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  • Before the bell: U.S. stocks were headed for a slightly lower open Friday, as investors digested the government's latest reading on the labor market.
Market news
07.01.2011, 14:34

Before the bell: U.S. stocks were headed for a slightly lower open Friday, as investors digested the government's latest reading on the labor market.

The U.S. economy added slightly fewer-than-expecte jobs in December, but the unemployment rate edged lower than economists had anticipated.

Dow Jones industrial average (INDU), S&P 500 (SPX) and Nasdaq (COMP) futures were down modestly ahead of the opening bell. Futures measure current index values against perceived future performance. Futures had been pointing to a slightly higher open ahead of the report but turned negative after the headline number disappointed.

Wall Street has been gearing up for this report all week, keeping trading somewhat volatile as investors placed bets on whether lagging employment is starting to pick up.

"It was generally a little on the weak side -- not only relative to expectations but also relative to where jobs had been running beforehand," said Bruce McCain, chief market strategist at Key Private Bank. "While it's going to weigh on the market a little, I suspect in the end it's not going to have a huge effect given the general improvement in economic data recently."

Choppy trading is likely to continue over the next couple weeks as investors continue to digest the strong gains logged in December, he said.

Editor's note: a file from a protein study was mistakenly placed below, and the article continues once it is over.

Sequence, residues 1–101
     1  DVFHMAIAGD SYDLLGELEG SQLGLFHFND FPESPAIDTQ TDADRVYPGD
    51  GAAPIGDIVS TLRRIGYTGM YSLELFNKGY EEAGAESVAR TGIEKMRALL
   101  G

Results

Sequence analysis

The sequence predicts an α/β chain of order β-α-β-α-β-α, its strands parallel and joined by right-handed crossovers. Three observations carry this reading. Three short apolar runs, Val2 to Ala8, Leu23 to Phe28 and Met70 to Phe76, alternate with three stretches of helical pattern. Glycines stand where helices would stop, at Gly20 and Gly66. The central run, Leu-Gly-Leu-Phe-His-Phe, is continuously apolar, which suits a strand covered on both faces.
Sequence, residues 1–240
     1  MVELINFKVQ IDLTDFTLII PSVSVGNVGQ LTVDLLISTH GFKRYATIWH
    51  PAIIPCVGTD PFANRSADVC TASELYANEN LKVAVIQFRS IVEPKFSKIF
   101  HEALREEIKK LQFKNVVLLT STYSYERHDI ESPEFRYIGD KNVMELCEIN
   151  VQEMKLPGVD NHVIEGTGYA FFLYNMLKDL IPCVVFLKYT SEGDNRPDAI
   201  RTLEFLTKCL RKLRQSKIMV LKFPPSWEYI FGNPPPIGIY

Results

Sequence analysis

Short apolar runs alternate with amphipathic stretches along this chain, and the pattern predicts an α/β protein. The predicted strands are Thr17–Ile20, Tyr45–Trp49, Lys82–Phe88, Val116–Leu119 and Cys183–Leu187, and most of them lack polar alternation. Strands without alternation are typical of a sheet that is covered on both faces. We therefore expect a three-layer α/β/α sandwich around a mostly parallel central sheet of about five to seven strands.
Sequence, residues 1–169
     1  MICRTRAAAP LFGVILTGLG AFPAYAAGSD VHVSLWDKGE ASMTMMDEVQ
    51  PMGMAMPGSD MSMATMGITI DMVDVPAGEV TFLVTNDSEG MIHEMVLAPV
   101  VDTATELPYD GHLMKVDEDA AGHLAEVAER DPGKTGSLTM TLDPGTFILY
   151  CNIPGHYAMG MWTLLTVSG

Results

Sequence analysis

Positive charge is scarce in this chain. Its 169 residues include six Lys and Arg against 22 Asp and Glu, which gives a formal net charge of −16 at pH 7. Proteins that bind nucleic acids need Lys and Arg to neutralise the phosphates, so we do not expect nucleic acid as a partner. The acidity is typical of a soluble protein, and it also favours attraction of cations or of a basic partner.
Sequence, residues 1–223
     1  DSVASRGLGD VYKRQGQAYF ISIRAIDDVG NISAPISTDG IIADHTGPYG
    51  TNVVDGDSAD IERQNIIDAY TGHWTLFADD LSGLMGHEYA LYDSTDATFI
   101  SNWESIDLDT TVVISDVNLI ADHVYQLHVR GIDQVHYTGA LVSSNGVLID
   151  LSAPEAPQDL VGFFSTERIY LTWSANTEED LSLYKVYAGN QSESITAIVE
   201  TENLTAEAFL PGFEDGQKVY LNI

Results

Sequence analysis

On Thursday, stocks ended mixed as the dollar strengthened. Investors spent the day mulling a rise in jobless claims, and softer-than-expected same-store retail sales.

Economy: The government's monthly jobs report showed employers boosted payrolls by 103,000 last month. That was lower than expected, with a CNNMoney survey of 27 economists looking for a 150,000 gain last month.

Meanwhile, the unemployment rate dropped to 9.4% from 9.8%.

The biggest risk for the market in 2011 is ...
Earlier in the week, investors weighed a strong report on private sector payrolls against disappointing jobless claims data.

In the afternoon, the government will release a report on consumer credit for November. Economists predict a decline in total borrowing of $2.5 billion -- down from an increase of $3.4 billion the previous month.

Companies: Before the opening bell, KB Home (KBH) released quarterly earnings results that beat expectations. The company reported earnings per share of 23 cents, compared to the loss of 17 cents expected by analysts surveyed by Thomson Reuters.

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